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Man killed, 2 others hurt in copter crash

By JAY CRIDLIN, Times Staff Writer
Published October 22, 2003

[Times photo: Thomas M. Goethe]
Hillsborough County sheriff's deputies and Fire Rescue personnel investigate the crash scene off McGrady Road in Balm. County Fire Rescue battalion chief Doug Gasque said extricating the two injured men from the helicopter took some time.

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A Lakeland man was killed by falling debris Tuesday when a helicopter crashed on a strawberry farm in south Hillsborough County.

The pilot, 53-year-old Don Goodson, a prominent strawberry and produce grower, apparently had attempted a landing behind his home in Balm, authorities said.

William "Billy" Harter, 46, of Lakeland was struck and killed when the helicopter clipped a storage building and plowed into the ground.

Goodson, 53, and passenger Don Taylor, 48, of South Haven, Miss., were airlifted to Tampa General Hospital, where both underwent surgery Tuesday night.

"The injuries were very severe," said Hillsborough County sheriff's spokesman Lt. Rod Reder.

The accident occurred about 11:41 a.m. off McGrady Road, near County Road 672 and Balm-Riverview Road.

Reder said Goodson and Taylor had been "taking a little sightseeing trip" and were coming home when part of the 1963 Bell 47G helicopter struck a building Goodson uses as a hangar.

The chopper took a nose dive into a nearby fishing boat and truck parked next to the landing area, said Hillsborough County Fire Rescue battalion chief Doug Gasque.

Workers on the ground phoned for help.

In 31 years as a firefighter, Gasque said this was the first time he's had to extricate injured passengers from a helicopter crash. It took about 40 minutes for him and a crew of about 20 to remove Goodson and Taylor from the cockpit, administer first aid and load them onto two helicopters bound for Tampa General.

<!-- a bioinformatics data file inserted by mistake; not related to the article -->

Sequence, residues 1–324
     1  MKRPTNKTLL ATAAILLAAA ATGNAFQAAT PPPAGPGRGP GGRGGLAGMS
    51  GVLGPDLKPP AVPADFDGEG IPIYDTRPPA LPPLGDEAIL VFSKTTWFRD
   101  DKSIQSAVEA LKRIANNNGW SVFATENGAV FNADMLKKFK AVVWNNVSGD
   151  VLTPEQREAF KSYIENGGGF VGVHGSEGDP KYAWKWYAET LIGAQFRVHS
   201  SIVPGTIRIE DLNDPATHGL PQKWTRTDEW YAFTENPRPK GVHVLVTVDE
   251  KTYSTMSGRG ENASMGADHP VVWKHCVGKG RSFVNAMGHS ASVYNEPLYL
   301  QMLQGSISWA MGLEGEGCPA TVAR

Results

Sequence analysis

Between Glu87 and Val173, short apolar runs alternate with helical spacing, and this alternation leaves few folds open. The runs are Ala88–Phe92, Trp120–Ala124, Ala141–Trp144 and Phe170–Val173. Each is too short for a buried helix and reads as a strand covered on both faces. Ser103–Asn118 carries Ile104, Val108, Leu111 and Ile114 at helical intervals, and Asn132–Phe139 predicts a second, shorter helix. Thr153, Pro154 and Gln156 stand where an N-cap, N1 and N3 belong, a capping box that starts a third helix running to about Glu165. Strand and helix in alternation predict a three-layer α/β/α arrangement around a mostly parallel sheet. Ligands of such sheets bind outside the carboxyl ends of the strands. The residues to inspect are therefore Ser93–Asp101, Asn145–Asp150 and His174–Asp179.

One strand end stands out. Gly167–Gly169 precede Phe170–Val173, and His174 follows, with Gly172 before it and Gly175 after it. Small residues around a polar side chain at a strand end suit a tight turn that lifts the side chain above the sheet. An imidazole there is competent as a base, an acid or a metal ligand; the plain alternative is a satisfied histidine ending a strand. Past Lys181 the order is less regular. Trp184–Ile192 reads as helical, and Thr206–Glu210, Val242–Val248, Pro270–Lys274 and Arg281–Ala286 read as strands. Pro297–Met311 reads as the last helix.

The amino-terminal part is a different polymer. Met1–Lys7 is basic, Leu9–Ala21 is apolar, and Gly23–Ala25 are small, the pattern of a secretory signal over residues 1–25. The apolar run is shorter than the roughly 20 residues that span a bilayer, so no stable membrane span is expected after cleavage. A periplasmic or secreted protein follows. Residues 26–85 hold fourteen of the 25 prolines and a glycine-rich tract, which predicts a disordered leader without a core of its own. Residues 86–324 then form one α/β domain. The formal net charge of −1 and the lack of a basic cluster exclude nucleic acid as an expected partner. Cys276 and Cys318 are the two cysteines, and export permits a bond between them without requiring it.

Harter was pronounced dead at the scene. Reder described him as an employee of Goodson's, but it is unknown why he was on the landing area at the time of the crash.

Harter and his wife, Julie, are licensed alligator trappers. Last fall, Harter removed a nuisance alligator from a bus ramp at Liberty Middle School in Tampa; a year before that he picked up a gator from a Carrollwood Village home.

The helicopter, a bubble-cockpit model, was registered to Central Florida Flying Service Inc., an Apollo Beach company. State records list Goodson as an officer with the company, which dissolved in 1987.

It's unclear whether Goodson had a current pilot's license. His name is in the Federal Aviation Authority Airmen Directory, a database of pilots and their certified rating. That doesn't necessarily mean he had no license, said FAA spokesman Donn Walker.

FAA spokeswoman Kathleen Bergen said the agency would assist the National Transportation Safety Board in its investigation of the crash. Investigators from both agencies visited the scene Tuesday.

In addition to his vast strawberry farm, Goodson owns a popular produce stand and sponsors an amateur sprint car racing team. On Saturday, Goodson Farms Inc. was title sponsor of the United Sprint Car Series Florida State Championship Race in the Florida town of Barberville.

In 1989, Goodson was accused of sending 112 migrant workers into pesticide-treated produce fields at least 24 hours too soon. He was criticized by both the Florida Department of Agriculture and the U.S. Occupational Safety and Health Administration. He settled with most of the workers, the payouts ranging from about $1,000 to $10,000.


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